I Stood Up for Indigenous Rights at Mount Rushmore. Now I'm Facing 17 Years | Opinion

For the past few months, our nation has been in a state of upheaval and awakening, with people standing up for the Black lives and Indigenous lives that have been beaten down and taken by agents of the U.S. government for hundreds of years.

I'm a citizen of the Oglala Lakota Nation, located in what is now called western South Dakota. On July 3, I joined over 100 Indigenous land defenders in an effort to stand in our power, hold space and let Donald Trump know he is not welcome in the territory of our people. To remind the world who the rightful stewards of these lands are, and that as we have a national conversation about racial justice, it must include the voices of Indigenous people.

Now, I'm facing three felony charges and up to 17 years in prison for the stand I took. My preliminary hearing is Friday.

The hypocrisy of these charges being brought against me as an Indigenous person working to prevent the U.S. government from occupying and harming Indigenous land still desecrated with the faces of slave owners and the largest executioners of Indigenous people in history is shocking—but not surprising. Indigenous people have been brutalized by the violence of white supremacy since the moment settlers set foot on our land in the 1400s.

Despite a treaty agreement ratified in Trump's very own legal system saying that our chiefs have the right to decide who can and can't pass through our territory, our leaders were not given free, prior and informed consent of Trump's planned rally into our treaty lands. We have that right not only through our treaty but also through the U.N. Declaration on the Rights of Indigenous Peoples.

Their group arrived without masks, and with no intention to physically distance. During a pandemic that is disproportionately killing Native people, those actions are yet another signal that our lives mean nothing to U.S. government officials.

The land we were holding space in is the land of my ancestors and is sacred to us, as Lakota. We call it by its rightful name, Paha Sapa, or Black Hills, and it belongs to the Oketi Sakowin people. Indigenous people and our allies had every right to be there, and we had every right to defend our land. To us, it is simple: We want our land back, and we want to dismantle the system of white supremacy and racism that was created to steal our lands in the first place.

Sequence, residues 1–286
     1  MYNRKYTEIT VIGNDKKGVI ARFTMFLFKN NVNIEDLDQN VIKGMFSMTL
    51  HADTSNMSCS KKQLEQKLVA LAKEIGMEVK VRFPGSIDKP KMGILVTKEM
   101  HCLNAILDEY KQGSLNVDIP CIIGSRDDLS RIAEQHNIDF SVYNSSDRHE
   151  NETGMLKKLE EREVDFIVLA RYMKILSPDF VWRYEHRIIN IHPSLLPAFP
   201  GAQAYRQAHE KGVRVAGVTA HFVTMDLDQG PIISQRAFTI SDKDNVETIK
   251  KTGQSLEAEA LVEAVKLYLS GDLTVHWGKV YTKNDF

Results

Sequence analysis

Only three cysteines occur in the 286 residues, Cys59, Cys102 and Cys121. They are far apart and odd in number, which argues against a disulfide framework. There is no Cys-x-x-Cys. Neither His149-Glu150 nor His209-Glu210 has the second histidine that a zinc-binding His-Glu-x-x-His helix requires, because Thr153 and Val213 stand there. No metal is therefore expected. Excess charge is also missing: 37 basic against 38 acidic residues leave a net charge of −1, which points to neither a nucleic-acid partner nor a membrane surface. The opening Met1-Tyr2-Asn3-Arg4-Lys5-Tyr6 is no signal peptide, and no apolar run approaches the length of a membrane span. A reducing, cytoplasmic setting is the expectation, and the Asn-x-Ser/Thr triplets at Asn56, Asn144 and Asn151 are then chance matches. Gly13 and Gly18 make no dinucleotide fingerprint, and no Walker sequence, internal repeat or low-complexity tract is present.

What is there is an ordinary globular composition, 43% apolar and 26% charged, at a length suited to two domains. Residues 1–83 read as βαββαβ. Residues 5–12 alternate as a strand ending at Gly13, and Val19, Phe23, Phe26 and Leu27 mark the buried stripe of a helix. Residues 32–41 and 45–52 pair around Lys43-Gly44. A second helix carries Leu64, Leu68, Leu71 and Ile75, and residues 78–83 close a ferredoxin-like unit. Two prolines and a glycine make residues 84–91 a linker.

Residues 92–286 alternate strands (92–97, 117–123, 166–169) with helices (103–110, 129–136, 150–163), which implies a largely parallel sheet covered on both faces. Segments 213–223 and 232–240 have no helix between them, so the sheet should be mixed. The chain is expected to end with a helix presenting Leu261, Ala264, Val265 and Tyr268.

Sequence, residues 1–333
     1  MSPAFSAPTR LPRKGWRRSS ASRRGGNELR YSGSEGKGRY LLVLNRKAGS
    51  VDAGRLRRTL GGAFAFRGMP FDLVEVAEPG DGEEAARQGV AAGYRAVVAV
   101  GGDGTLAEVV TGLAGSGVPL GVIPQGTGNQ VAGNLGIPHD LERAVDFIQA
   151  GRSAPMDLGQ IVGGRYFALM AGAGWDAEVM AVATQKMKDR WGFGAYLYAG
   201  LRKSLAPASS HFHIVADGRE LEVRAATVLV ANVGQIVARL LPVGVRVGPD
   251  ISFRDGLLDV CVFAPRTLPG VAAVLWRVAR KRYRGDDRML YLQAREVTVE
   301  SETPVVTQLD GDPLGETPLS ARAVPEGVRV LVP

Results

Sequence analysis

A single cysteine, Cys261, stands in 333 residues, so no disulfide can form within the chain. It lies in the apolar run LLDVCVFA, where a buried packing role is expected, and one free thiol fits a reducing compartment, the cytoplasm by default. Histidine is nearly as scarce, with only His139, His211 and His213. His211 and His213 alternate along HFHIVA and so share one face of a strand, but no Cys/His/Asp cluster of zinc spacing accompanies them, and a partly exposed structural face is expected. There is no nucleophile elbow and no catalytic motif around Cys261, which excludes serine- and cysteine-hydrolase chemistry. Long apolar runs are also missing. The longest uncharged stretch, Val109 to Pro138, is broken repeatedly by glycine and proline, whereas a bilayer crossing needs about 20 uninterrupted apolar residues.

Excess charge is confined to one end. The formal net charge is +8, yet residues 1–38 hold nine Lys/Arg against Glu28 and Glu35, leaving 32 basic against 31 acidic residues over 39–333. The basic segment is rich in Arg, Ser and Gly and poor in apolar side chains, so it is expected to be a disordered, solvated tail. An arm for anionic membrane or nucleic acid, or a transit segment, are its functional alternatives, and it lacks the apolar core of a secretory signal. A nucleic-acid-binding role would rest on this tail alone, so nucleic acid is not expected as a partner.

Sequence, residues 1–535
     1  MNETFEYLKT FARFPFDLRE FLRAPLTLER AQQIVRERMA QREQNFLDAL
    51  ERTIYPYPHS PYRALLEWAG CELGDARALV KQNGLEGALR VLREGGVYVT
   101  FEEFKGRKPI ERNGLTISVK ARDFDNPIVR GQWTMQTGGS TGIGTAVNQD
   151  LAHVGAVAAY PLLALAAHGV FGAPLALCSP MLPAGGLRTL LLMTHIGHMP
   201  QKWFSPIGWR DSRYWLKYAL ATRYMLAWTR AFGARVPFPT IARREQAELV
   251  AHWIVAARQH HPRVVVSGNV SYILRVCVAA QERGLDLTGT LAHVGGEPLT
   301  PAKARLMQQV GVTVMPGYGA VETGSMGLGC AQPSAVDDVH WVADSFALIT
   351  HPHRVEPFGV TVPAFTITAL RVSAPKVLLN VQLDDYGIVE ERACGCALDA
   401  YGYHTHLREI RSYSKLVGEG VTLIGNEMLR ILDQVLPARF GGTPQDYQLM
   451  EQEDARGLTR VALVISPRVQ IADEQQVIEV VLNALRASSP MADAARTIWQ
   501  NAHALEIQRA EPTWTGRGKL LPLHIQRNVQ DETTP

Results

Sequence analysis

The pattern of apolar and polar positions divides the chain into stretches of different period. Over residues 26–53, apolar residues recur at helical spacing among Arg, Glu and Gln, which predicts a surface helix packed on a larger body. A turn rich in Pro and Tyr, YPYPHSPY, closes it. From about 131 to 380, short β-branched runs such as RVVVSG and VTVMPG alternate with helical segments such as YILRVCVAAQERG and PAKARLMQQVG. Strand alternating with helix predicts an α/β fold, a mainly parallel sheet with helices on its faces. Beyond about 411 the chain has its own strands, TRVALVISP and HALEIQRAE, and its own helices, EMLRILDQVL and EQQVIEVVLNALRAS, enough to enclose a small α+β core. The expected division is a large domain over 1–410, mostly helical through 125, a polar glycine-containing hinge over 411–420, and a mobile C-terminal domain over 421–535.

Instead, our presence was met with pepper spray, militarism and excessive force by police officers in full riot gear. Like countless protests that continue raging across the country, the violence was started and maintained by the state. And now, like always, state officials and police officers are attempting to paint a picture that falsely claims we started the fight. It's a tactic meant to make people afraid of protests, of standing up to the government, so that everyone remains silent, fearful and complicit. They want us to stay in order, so they can keep all of us down.

This fight is much bigger than me, and the opposition I'm personally up against through the backwards U.S. legal system. It's about the fact that hundreds of years after my people had a genocide waged against us, we're still deprived of land and resources that are rightfully ours. It's about the fact that we are shouldering the burden of yet another pandemic spread by the mishandling of power-hungry white men. It's about the fact that on top of all of this, our women are disappearing and being murdered, our children are being stolen, and our students are deprived of education and punished because of deeply ingrained discrimination in the education system. It's about the fact that our suicide rates are higher than any other racial or ethnic group, as the insidious nature of capitalism and greed continue permeating every aspect of our precious lives.

Protest Mount Rushmore
Indigenous protesters and supporters gather at the Black Hills, now the site of Mount Rushmore, on July 3 in Keystone, South Dakota. Micah Garen/Getty

Indigenous people deserve so much more than this. We deserve the right to land sovereignty, autonomy and freedom from the iron grip of colonialism and racialized violence. We deserve self-determination, and in the end, we deserve our land back. I believe in a future that includes Black reparations and Indigenous lands back into Indigenous hands. You can't just tweet #BlackLivesMatter or #LandBack; you have to help us achieve what that really means. Because that's a world that we can raise the next generation in.

The charges being brought against the 20 land defenders, including me, are yet another dangerous display of white supremacy. I'm asking that anyone reading this contact Pennington County State's Attorney Mark Vargo and demand that all charges are dropped against me and the other land defenders. I also ask that everyone join our #LandBack movement and advocate for the returning of territory to Indigenous people, who will actually preserve, respect and steward it with dignity.

At the end of the day, attempts by the U.S. government to extinguish voices that stand up against injustice are dangerous for every single person living here. Our fight is your fight. In this moment, as my fellow land defenders and I face these charges, I can't help but think of the words of one of my heroes, Congressman John Lewis: "My philosophy is very simple. When you see something that is not right, not fair, not just, say something do something. Get in trouble, good trouble, necessary trouble."

When we fight, we win.

Nick Tilsen is president and CEO of the NDN Collective.

The views expressed in this article are the author's own.